top of page
  • Writer's pictureRayki Goh, MSc

How to Stop Bread from Going Stale?

Unlike some foods that expire based on the date stamped on the bag, bread does not have a set expiration date. It's more about it getting harder and less tasty over time, but unless it's mouldy, it's still safe to eat.

Refreshing stale bread loaf

Dear Food People,

Let's break down the whole bread situation in a way that's easy to digest. Everyone's been there, right? You buy a loaf of bread, and before you know it, it's as hard as a rock. Not exactly what you signed up for. But here's the deal: bread going stale isn't about it expiring like the date on the package might suggest. Unless it's growing a mini-ecosystem of mould, it's usually just getting harder and less tasty, which is a total bummer but not a health hazard.

This week, I'm going to share some cool tricks to keep your bread feeling and tasting fresh for longer. But before we dive into those life-saving tips, let's quickly understand why bread even gets stale. Remember when we discussed lasagna and talked about starch in pasta? Well, bread also has starch, and it undergoes some interesting changes when baked.

When you bake bread, the water mixes with starch, and at around 80°C, this mix starts to absorb water and swell up. This is called 'gelatinization'. As bread cools after baking, it loses water through a process called 'Syneresis', leading over time to 'Retrogradation', which makes the bread go stale.

Now, onto the tips to keep your bread fresh! Have you ever noticed the food additives listed on bread packaging at the grocery store? Some of them are there to keep bread from getting stale too quickly. But let's be real: there's a bit of a debate on whether this is to keep your bread fresh longer or to make you buy more bread.

Let's talk about some DIY methods to keep your bread from going stale:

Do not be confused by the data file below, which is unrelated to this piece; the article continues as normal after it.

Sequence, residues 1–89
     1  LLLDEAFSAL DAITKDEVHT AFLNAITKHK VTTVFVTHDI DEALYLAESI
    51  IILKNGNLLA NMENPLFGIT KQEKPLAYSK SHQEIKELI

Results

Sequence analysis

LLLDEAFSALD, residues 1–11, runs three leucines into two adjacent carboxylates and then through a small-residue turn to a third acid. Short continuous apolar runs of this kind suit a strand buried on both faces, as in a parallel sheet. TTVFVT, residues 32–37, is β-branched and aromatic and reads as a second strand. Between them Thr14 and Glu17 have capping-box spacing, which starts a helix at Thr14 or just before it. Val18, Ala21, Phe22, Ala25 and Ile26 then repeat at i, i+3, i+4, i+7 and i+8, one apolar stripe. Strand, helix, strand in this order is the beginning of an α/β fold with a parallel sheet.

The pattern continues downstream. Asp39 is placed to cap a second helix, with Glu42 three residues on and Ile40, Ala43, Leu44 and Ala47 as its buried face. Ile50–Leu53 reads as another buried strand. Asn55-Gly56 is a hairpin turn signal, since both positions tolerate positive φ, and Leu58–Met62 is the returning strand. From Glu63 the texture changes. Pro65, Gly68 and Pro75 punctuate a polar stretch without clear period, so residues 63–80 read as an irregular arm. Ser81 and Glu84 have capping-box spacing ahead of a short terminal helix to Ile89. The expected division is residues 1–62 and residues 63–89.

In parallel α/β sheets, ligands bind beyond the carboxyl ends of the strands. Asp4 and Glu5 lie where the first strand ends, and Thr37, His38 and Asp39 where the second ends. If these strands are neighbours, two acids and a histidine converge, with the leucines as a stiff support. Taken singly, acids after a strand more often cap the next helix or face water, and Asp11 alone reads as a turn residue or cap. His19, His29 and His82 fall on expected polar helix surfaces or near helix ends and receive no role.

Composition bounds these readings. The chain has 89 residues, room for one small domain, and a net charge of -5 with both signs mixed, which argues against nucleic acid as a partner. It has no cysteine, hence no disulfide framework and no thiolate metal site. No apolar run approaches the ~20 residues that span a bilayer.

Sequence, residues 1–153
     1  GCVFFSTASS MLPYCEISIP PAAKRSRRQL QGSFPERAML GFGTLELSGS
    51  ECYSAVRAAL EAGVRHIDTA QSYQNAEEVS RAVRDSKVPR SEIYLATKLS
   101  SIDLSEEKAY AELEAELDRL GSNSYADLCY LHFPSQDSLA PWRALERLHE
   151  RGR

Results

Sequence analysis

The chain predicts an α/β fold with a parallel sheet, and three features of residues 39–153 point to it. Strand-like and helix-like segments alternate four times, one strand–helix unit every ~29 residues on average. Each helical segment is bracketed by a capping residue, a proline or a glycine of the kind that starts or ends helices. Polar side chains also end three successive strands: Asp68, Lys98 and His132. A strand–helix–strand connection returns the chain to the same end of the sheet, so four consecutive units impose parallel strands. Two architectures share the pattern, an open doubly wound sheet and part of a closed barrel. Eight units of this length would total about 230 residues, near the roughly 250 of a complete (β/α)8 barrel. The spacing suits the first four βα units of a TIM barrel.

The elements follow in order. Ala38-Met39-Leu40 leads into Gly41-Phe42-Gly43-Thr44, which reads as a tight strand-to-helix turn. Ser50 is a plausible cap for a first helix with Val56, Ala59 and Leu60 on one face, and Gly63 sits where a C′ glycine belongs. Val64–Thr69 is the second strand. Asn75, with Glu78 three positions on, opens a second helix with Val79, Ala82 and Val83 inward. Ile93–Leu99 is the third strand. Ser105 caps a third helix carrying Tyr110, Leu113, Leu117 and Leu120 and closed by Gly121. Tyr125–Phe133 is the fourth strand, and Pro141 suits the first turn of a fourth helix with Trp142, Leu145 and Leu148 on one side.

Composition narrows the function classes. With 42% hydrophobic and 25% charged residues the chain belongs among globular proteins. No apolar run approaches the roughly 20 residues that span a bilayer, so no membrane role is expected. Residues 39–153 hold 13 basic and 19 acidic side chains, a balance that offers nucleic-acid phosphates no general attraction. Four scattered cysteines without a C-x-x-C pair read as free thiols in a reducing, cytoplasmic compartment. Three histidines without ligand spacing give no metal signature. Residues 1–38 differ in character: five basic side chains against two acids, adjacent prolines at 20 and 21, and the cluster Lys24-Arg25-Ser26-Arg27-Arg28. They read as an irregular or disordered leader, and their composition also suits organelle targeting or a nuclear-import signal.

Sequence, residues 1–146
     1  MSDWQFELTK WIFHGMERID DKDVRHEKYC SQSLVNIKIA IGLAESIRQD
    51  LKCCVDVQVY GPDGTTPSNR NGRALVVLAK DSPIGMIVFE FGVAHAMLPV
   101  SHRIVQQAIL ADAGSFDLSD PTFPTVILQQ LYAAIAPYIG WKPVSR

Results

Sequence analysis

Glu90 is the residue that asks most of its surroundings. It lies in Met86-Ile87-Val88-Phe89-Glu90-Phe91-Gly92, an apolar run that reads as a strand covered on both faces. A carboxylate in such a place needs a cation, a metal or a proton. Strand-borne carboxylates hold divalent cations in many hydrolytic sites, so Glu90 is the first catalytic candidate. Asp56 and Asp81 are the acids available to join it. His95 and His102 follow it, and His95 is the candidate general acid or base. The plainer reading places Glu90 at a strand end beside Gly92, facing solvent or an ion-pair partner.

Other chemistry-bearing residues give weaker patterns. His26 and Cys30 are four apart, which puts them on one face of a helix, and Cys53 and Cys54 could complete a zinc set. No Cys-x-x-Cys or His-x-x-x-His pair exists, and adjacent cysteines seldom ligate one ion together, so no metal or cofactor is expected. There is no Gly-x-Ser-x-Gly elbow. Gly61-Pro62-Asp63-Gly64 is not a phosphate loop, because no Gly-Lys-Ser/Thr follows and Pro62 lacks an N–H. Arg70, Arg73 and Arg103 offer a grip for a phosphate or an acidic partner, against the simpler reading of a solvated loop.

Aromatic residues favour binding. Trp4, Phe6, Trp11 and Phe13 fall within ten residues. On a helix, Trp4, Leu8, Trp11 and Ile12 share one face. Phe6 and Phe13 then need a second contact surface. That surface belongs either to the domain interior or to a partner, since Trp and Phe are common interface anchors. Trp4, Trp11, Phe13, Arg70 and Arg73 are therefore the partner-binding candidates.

• Refrigerating: Wrapping your bread in a slightly damp paper towel before putting it in the fridge can help. This trick helps keep the moisture in. But be careful with room-temperature storage since too much moisture can lead to mould.

  • Freezing: This is a great way to preserve your bread. Freeze slices and simply remove what you need, letting them thaw on the counter. A pro tip: wrap it tightly to prevent freezer burn.

  • Steaming: If your bread's already gone stale, steaming it can bring back some of its softness, but it's a temporary fix.

  • Microwaving: Wrapping your bread in a damp paper towel and microwaving it for a bit can also help revive it. Just don't overdo it, or you'll end up with a rock-hard loaf.

Food additives like maltogenic α-amylase and monoglycerides attempt to thwart the process in commercial bread, yet the battle between longevity and consumer habits rages on.

For those eager to extend their bread's lifespan at home, we've uncovered some handy tricks on bread revitalization: refrigeration to reduce moisture loss, strategic freezing to combat moisture loss and enzymatic activity, and steaming or microwaving for temporary rejuvenation. These methods offer a lifeline to your beloved bread, ensuring its palatability and reducing unnecessary waste in the process.

Whether you're a baker extraordinaire or a supermarket bread aficionado, these techniques provide valuable tools for savouring your bread beyond the inevitable march of time.

And hey, if you've got any thoughts or ideas on how we can tackle environmental or food sustainability issues, or if there's something specific you want us to cover in our future articles, shoot us a message over at We'd love to hear from you!


Further Reading:

  1. Wholesome Cook - eBooks. (2018, October 10). How to Stop Bread From Going Stale and Mouldy. Retrieved from

  2. Wikipedia. (2007). Staling. Retrieved September 6, 2023, from

  3. McGee, H. (2004). On Food and Cooking: The Science and Lore of the Kitchen (2nd ed.). New York: Scribner. ISBN 0-684-80001-2

  4. CNET. You're baking bread now. Here's how to keep it from going stale

  5. The New York Times. How Do I Keep Homemade Bread From Going Stale?

  6. Seasoned Advice. Is there anything I can add to homemade bread to preserve it?


The information provided in our articles is for educational and entertainment purposes only. It is not intended as a substitute for professional medical advice, diagnosis, or treatment. Always seek the advice of your physician or another qualified healthcare provider with any questions you may have regarding a medical condition. The content on our website, including articles, is not meant to endorse or promote any specific medical treatments, products, or procedures. The information provided is based on general knowledge and research at the time of writing. Medical practices and knowledge are constantly evolving, and what may have been accurate at the time of publication may not be current or applicable today.


I commenti sono stati disattivati.
bottom of page